Likud boots out two primary candidates for party-clashing views

Likud boots out two primary candidates for party-clashing views

Members of the New Likud voice support for public transportation on the Sabbath, even if it means ultra-Orthodox parties would bring down government

Stuart Winer is a breaking news editor at The Times of Israel.

Screen capture from video of New Likud members Nir Hirschman, left, and Hadar Weisman. (Channel 12)
Screen capture from video of New Likud members Nir Hirschman, left, and Hadar Weisman. (Channel 12)

The Likud elections committee on Tuesday expelled from the party two members of a controversial internal movement that aims to challenge party doctrine, after they declared their readiness to bring down a government rather than abandon their principles.

The “New Likud” movement tweeted that not only were Hadar Weisman and Nir Hirschman disqualified from running in the February 5 primaries to select the party’s slate for national elections on April 9, but that their membership in Likud was revoked.

New Likud said Weisman and Hirschman, who are hoping to eventually win seats in the Knesset, will appeal the decision with the Likud party’s internal tribunal and if that fails they will go to Israel’s civil courts.

“The shameful decision will be immediately appealed to the supreme court of the Likud, and if we are not satisfied, we will continue to external courts and we will not stop until we reach the Supreme [Court],” the movement tweeted.

On Saturday night Channel 12 news broadcast a report about New Likud in which Weisman and Hirschman stated that if elected to the Knesset, they would vote in favor of public transportation on the Sabbath even if that meant the collapse of a right-wing government due to ultra-Orthodox parties leaving the coalition. They also openly criticized Prime Minister Benjamin Netanyahu for becoming embroiled in corruption cases including accepting expensive gifts from benefactors.

Ultra-Orthodox parties oppose public transportation on Friday night and Saturday on the grounds that it is a violation of Shabbat, the Jewish day of rest.

In forming its decision, the Likud committee wrote, “It would be untenable for the party to allow a person to compete to be a representative in the Knesset when he declares in advance that in order to promote his personal views… he is prepared to vote to bring down the government,” Channel 12 news reported.

“My movement’s election committee decided today to dismiss me and cancel my membership in Likud because I said that it is forbidden to accept gifts, and that I said that a Knesset member must obey his conscience on the critical issues of our lives here,” Hirschman responded, according to Channel 12. “Gifts are forbidden: forbidden to a clerk, forbidden to a policeman, forbidden to an income tax official, and forbidden to a prime minister. Furthermore, an MK must be scrupled, and must, on certain critical critical issues, act according to his conscience in accordance with what he promised his voters.”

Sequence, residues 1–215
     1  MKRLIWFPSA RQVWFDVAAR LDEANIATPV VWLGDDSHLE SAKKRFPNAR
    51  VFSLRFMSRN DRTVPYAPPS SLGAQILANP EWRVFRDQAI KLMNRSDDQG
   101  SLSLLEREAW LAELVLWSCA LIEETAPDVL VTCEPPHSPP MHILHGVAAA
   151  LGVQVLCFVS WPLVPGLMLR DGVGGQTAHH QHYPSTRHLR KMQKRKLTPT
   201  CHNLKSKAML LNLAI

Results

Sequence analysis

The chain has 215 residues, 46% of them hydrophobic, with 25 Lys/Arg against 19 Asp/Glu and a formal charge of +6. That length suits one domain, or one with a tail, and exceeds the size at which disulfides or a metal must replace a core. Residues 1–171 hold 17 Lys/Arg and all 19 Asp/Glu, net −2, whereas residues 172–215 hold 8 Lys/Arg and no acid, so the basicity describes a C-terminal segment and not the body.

In a controversial move, the Likud Central Committee earlier this month announced that it was freezing the membership of 14 members of the New Likud faction and that they would not be able to run in the primaries.

Illustrative photo of the Central Bus Station in Jerusalem. (Photo by Yonatan Sindel/Flash90)

The New Likudniks was founded in 2011 by leaders of the social justice protests, which that summer saw hundreds of thousands of Israelis take to the streets to demand government action on behalf of the middle class. The group’s stated agenda is to push what it says are middle-class interests from within Likud. It takes no position on the Israeli-Palestinian conflict.

But many Likud members, as well as journalists and pundits, have questioned the right-wing credentials of the New Likudniks. They have accused members of the group of being undercover leftists trying to influence the party from within.

New Likud claims it has 8,000 members who are eligible to vote in the primaries. The Likud party has some 125,000 members, in all.

Police have recommended bribery charges against Netanyahu in three cases. One of the probes relates to gifts Netanyahu received from billionaire benefactors and the other two cases involve suspected quid pro quos he is alleged to have provided or considered providing in exchange for favorable media coverage.

It is now down to Attorney General Avichai Mandelblit to decide whether or not to indict Netanyahu in the cases. Despite strong opposition from Netanyahu and his supporters who say announcing indictments would be unfair before the elections, Mandelblit is expected to reveal his decision in the coming weeks.

Raoul Wootliff contributed to this report.

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